Used car market down in UK down in Q3 while electric vehicle (EV) sales hit record high 

According to the latest figures from the Society of Motor Manufacturers and Traders (SMMT), the UK’s used car market fell for the second consecutive quarter this year, declining by 12.2% over the three months of July to September. Electric vehicles (EVs), however, bucked this trend. 

Used battery electric vehicle (BEV) sales reflected the growth in the electrified new car market as activity rose 44.1% to 16,775 transactions. This brings the year-to-date total up to 48,032. 

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This shows that the transition to zero emissions motoring is continuing to grow even in used markets. It not only offers a cheaper way to transition to an electric vehicle but also offers the opportunity to avoid waiting lists for new cars because the current demand is so high.

The market for used hybrid electric vehicles (HEVs) also grew 2.5% in the quarter with 41,479 cars finding new owners. This takes the yearly total so far to 119,722. Plug-in hybrid (PHEV) transactions, meanwhile, fell by 5.8% to 13,899 in the third quarter of the year but remain up 7.1% since January at 44,724.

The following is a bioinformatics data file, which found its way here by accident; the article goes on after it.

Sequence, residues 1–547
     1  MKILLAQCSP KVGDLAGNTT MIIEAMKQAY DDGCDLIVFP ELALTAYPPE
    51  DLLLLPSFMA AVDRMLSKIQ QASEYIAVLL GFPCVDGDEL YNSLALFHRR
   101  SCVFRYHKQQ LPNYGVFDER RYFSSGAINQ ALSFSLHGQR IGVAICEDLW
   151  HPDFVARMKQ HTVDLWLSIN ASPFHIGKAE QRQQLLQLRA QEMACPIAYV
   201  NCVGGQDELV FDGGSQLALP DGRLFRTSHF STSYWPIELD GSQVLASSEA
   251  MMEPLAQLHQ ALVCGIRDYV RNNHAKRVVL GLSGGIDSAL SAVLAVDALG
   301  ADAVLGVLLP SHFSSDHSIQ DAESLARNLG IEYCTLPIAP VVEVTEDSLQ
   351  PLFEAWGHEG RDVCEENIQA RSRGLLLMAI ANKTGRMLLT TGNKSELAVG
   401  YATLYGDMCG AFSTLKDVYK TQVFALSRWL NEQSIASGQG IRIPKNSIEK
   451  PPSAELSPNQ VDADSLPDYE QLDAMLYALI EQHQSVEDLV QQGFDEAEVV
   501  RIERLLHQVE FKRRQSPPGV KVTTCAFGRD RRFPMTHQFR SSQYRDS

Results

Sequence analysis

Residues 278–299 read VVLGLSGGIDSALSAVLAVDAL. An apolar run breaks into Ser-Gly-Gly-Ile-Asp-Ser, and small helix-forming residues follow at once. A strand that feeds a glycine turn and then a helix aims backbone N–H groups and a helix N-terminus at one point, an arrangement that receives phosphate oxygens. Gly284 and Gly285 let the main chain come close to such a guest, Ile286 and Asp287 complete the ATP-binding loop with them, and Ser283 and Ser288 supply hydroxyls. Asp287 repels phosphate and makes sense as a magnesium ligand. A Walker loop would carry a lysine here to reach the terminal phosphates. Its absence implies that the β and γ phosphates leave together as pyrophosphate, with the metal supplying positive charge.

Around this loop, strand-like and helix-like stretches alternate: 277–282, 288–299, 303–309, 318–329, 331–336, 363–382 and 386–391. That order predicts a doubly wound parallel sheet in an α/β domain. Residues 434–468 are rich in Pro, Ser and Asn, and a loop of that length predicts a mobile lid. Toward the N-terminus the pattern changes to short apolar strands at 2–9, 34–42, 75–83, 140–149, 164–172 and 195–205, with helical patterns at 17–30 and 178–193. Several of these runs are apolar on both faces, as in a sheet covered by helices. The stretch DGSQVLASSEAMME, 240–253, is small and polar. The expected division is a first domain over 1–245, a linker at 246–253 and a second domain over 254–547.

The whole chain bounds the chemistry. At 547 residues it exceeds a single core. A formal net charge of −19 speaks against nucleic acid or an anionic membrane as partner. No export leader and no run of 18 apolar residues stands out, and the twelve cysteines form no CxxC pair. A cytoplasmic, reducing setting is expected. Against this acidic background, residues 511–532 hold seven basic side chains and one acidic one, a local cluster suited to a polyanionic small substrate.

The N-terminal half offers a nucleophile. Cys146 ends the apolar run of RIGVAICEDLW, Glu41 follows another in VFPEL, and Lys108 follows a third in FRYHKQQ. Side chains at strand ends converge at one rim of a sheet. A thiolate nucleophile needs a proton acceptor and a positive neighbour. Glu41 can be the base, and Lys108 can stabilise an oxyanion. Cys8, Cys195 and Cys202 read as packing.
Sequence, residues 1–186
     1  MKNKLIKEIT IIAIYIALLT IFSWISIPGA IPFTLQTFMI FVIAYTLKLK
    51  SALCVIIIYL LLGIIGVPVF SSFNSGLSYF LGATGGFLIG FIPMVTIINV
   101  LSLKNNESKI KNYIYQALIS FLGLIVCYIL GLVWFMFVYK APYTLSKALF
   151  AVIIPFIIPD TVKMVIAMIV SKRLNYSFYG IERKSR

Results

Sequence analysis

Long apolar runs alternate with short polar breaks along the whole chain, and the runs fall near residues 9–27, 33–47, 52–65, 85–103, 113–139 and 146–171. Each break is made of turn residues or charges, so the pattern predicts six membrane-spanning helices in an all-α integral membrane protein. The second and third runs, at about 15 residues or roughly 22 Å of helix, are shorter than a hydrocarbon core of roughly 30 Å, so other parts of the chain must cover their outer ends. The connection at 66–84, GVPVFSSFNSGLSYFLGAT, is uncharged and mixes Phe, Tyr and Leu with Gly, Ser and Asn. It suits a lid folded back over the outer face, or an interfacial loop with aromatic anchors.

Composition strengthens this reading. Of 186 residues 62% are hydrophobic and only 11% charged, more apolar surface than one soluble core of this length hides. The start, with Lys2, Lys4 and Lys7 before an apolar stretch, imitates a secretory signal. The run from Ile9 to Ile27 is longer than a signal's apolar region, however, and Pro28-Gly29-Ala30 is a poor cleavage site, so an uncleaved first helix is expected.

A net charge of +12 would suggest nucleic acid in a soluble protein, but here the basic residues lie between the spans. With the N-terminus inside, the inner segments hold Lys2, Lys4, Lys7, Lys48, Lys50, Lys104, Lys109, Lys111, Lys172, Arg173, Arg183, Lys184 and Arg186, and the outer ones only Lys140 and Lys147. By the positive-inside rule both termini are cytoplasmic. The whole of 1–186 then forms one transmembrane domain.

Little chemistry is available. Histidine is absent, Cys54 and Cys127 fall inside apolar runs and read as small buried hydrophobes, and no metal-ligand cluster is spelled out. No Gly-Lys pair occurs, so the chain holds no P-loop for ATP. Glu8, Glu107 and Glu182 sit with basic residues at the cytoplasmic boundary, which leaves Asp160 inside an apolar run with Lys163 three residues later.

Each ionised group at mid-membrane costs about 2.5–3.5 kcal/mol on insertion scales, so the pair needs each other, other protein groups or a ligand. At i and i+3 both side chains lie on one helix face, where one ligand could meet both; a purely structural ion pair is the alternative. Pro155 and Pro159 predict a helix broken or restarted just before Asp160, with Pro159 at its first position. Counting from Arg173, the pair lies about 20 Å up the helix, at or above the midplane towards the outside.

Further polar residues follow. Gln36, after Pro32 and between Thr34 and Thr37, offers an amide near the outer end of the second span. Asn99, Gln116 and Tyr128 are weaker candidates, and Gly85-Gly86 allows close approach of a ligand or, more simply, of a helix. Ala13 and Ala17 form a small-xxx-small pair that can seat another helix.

It means that, driven by an ever-growing choice of zero emission capable models reaching the used car arena, combined transactions for electrified vehicles reached 4.0% market share in the third quarter. This is up from 3.3% a year earlier.

Mike Hawes, SMMT chief executivesaid: “Given the short supply of new cars due largely to sustained chip shortages, a declining used car market comes as little surprise, although it’s great to see a growing number of used buyers able to get into an electric car. 

“The demand is clearly there and to feed it we need a buoyant new car market, which means giving buyers confidence to invest. Next week’s Autumn Statement is an opportunity for the government to make a long-term fiscal commitment to zero emission motoring.

“This includes adequate public charging infrastructure, which, especially given the economic headwinds, would go a long way to stimulating the market and delivering both economic and net zero progress.”

Ian Osborne
Ian Osborne
Editor-in-Chief at ElectricDrives

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